Additional Sessions Judge Anil Antil on Monday passed the order which held that the metropolitan magistrate’s summoning order did not “suffer from illegality or perversity, warranting any interference by this revisional court”.
A Delhi court has dismissed a revision petition filed by Zee News’s Sudhir Chaudhary, who had challenged an order summoning him in an alleged defamation case filed by Trinamool Congress MP Mahua Moitra.
Additional Sessions Judge Anil Antil on Monday passed the order which held that the metropolitan magistrate’s order summoning Chaudhary did not “suffer from illegality or perversity, warranting any interference by this revisional court”.
Antil further said that the metropolitan magistrate passed a detailed order “wherein the entire pre-summoning evidence in the form of statement of the complainant and two other witnesses along with the documents have been considered and appreciated by the…trial court before proceeding to issue summons to the accused to face trial. Therefore, the objection of the petitioner to say that order is cryptic, without application of judicial mind cannot be sustained”.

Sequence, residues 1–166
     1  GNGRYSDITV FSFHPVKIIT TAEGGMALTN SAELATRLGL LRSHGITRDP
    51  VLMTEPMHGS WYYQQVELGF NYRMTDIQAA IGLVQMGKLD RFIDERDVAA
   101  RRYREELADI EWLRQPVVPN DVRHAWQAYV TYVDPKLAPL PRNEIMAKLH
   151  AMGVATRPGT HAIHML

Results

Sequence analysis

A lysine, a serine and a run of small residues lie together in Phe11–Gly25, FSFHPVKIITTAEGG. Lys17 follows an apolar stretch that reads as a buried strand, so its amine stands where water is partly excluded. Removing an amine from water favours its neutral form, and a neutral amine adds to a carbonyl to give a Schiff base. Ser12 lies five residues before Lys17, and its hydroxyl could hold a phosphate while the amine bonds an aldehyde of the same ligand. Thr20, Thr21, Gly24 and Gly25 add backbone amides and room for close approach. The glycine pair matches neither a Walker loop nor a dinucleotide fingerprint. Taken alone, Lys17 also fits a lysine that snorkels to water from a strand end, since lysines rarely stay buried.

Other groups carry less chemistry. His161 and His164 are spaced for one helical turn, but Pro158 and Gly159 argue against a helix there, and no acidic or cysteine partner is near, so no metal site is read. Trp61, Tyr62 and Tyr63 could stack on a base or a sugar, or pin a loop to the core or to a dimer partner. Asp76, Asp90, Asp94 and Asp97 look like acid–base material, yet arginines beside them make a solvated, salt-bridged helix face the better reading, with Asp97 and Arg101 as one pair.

As per court records, a Zee News broadcast aired on July 2, 2019 had alleged that a speech delivered by Moitra in Parliament was plagiarised from an article authored by one Martin Longmean which had appeared on an American website called Washington Monthly.
Moitra had said that her speech elaborated and explained in detail how the seven signs of fascism are applicable to the prevailing political situation in India.
The segment was aired despite Moitra expressly clarifying that the same was taken from a poster at the Holocaust Memorial Museum in the United States of America.
Senior Advocate Vikas Pahwa, appearing for Moitra, submitted that the petition was simply an attempt by Chaudhary to stall the proceedings before the trial court. He pointed out how the petition was filed even before the summoning order of the trial court.
Further, it was submitted that the defamatory nature of the broadcast cannot be based on conjecture at a preliminary stage and the same must be decided by way of trial.
Chaudhary’s lawyers argued that before summoning him, “the outcome of the inquiry, evidence and documentary record produced before the trial court ought to have been clearly mentioned in the order by the MM”.
His lawyers also contended that Moitra “did not approach the court with clean hands” and the “magistrate has also erred in passing the summoning order without appreciating the provisions of law”.
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